One of my classes is Accounting for Not-for-Profit Organizations. Last week we watched this thought-provoking TED Talk by Dan Pallotta:
When I met with Jason Deshayes, he gave me a lot of great advice, but one theme really stood out: don’t wait.
He mentioned joining non-profit boards early in his career–not waiting until he was a senior or partner (which, a decade later, he is).
And he suggested that if you are a senior staff member and you are wanting to move up to being a manager, don’t wait. Start doing whatever manager-type duties you can right away–take the initiative and the responsibility even before you have the title.
He said that something he has learned over the past decade is that even though you do have to let all the conditions come together on some things, you should never believe that “it’s not your time.” Don’t wait for someone else’s idea of “your time”–write your own course!
Being an AICPA Legacy Scholar has motivated me to start making professional connections, and to try and set myself up to become a future leader in the field–even before I have earned all the credits to sit for the CPA exam. For instance, I’m really interested in the sorts of conversations going on among current CPAs (especially young CPAs), so I follow people on twitter, follow firms and organizations on LinkedIn, and read blogs like the one at Thriveal.com.
The hashtag #aicpagc13 started showing up in my twitter feed this past weekend, along with some really great quotes and insights from speakers and panels at the meeting. So I tweeted about how great that was, and I was quoted in CPA Tom Hood’s Storify the next day. Pretty cool!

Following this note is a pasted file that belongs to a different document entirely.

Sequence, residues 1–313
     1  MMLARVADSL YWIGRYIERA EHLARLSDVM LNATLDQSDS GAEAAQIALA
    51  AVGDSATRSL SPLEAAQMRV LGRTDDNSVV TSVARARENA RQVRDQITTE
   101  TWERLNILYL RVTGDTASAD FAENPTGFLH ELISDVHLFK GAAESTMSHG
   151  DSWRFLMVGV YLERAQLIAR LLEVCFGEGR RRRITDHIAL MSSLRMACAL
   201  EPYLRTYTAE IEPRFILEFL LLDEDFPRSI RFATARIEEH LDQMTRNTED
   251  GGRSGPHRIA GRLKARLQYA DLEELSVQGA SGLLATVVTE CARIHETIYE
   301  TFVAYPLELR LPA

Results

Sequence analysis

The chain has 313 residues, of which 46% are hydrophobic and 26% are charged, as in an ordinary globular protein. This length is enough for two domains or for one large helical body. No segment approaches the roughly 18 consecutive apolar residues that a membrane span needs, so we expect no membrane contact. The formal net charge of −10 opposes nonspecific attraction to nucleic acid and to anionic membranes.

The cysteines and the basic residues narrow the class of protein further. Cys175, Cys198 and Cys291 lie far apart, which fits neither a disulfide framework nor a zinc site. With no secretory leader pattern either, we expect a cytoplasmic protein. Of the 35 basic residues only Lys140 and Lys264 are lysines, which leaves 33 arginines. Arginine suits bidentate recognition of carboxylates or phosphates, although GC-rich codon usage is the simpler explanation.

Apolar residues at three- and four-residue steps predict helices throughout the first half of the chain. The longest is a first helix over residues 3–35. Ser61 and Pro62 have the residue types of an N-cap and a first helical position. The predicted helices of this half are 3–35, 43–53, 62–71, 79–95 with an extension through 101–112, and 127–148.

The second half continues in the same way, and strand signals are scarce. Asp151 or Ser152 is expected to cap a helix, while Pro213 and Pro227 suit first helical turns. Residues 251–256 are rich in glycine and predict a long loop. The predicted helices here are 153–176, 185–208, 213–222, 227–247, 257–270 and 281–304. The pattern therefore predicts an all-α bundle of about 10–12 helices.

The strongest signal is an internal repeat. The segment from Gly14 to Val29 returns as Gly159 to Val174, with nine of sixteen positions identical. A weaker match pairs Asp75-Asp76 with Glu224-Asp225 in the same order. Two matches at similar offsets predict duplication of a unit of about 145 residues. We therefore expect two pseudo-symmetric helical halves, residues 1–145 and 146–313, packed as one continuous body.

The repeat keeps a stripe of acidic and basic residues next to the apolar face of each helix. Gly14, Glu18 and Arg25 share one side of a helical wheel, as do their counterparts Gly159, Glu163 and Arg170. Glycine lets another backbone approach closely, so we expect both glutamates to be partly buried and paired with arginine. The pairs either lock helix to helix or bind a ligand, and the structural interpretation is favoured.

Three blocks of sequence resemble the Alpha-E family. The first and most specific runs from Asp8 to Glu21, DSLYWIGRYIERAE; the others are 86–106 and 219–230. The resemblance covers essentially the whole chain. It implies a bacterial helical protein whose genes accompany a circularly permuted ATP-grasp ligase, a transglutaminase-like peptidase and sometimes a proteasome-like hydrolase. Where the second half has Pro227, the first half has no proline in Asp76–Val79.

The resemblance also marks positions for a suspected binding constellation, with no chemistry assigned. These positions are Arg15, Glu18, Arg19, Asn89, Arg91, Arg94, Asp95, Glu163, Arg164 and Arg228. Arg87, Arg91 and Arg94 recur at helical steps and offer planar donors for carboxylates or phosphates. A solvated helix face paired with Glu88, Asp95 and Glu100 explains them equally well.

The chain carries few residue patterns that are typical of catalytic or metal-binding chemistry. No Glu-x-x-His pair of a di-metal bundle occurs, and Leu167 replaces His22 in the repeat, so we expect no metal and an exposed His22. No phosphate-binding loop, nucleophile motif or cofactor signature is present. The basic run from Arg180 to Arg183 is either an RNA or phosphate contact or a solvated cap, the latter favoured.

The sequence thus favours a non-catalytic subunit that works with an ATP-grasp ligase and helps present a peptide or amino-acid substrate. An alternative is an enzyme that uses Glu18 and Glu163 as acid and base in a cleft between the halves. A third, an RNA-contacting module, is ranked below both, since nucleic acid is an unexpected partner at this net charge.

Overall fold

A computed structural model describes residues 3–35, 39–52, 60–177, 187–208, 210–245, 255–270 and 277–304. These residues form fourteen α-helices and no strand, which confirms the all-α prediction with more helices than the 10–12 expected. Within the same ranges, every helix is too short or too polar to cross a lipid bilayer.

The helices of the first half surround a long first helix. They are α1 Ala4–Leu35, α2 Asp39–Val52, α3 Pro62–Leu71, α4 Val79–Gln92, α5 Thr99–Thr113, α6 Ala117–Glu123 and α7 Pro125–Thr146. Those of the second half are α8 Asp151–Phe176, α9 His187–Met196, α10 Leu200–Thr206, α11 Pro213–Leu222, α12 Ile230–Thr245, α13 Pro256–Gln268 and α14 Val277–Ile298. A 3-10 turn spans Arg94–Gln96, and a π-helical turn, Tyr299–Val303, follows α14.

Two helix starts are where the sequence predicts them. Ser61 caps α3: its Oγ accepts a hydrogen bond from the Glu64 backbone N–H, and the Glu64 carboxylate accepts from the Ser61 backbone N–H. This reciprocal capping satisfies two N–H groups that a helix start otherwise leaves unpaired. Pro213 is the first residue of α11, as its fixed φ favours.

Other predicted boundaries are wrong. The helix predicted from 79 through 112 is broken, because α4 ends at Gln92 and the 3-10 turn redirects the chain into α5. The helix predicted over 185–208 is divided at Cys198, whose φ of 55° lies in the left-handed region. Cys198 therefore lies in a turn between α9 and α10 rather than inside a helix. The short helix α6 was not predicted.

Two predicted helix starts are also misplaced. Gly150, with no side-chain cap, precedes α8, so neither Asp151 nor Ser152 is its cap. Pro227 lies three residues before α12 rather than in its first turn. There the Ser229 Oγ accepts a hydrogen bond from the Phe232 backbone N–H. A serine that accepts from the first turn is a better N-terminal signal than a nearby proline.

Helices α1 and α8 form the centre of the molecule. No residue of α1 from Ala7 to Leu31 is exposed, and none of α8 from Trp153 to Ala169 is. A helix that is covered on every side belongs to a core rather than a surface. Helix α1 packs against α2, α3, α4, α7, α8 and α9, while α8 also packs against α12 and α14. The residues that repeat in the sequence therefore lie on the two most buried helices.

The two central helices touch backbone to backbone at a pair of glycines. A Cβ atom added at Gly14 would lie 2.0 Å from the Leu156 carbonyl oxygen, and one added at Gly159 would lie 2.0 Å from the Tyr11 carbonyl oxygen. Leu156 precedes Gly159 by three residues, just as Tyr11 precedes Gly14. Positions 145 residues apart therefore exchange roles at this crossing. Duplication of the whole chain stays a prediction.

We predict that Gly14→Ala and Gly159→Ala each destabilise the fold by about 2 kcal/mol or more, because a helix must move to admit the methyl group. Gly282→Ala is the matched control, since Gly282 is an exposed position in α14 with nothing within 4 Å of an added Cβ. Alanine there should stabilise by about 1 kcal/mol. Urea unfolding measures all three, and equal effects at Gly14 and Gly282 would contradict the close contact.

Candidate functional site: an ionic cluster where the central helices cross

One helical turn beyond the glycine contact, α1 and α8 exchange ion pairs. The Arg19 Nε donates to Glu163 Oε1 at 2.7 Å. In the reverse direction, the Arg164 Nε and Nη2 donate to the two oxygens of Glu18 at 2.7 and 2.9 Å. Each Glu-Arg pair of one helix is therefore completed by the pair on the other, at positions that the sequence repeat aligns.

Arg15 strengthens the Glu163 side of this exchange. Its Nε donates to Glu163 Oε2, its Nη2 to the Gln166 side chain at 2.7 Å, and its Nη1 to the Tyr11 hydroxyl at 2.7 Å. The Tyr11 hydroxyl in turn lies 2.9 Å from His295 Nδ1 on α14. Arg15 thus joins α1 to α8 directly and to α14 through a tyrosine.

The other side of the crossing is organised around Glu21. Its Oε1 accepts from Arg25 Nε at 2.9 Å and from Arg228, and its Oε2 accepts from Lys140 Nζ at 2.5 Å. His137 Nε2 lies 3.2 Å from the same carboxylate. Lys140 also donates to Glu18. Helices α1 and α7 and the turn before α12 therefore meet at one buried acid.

I’ve also started looking into CPA exam prep materials and test info; even though I can’t sit for the exam until next summer, I sure can get a head start on studying for it.
So my advice for today is: if you have an ambition to do something–start now. In whatever way you can. It all adds up.
I had lunch today with one of my poet friends, which reminded me that in addition to being an accounting student extraordinaire*, I
used to be am also a poet! My friend was in town for a governmental accounting workshop–in addition to writing poetry, she also does the books for a scientific operation up in Santa Fe. We talked and laughed about how hard it is to get into the creative mindset on the heels of hours and hours of accounting-type work.
On that note, this Tuesday video segment will be dedicated to one of my favorite Ted Talks on creativity: Elizabeth Gilbert on Your Elusive Creative Genius.
Maybe once I’m done with this Three Exam Week, I’ll see if I can’t return to a little bit of creative work.
If it seems like I have been a little quiet this week, it’s because I was working on a problem I couldn’t solve. I had to prepare a fictitious company’s corporate tax return and all necessary schedules and forms, given a trial balance and a few notes. And when I say I couldn’t solve this one, I mean that I couldn’t solve it alone.
Luckily, I was working with a team. And it was a team of superheroes. Every time somebody hit a dead end, nobody else gave up. I was absolutely thrown out of my comfort zone. And due to that very fact, I learned more during this one week doing this one assignment than I know how to quantify.
After countless hours, emails, and revisions, we submitted our return this morning. And this afternoon the professor wrote back with our grade:
I’m not used to having a question I can’t answer myself. I entered that disconcerting place, I came out the other side, and I emerged with the confidence born of overcoming.
It turns out that not-knowing can sometimes be the best door.
Angela Lee Duckworth on the key to success: grit.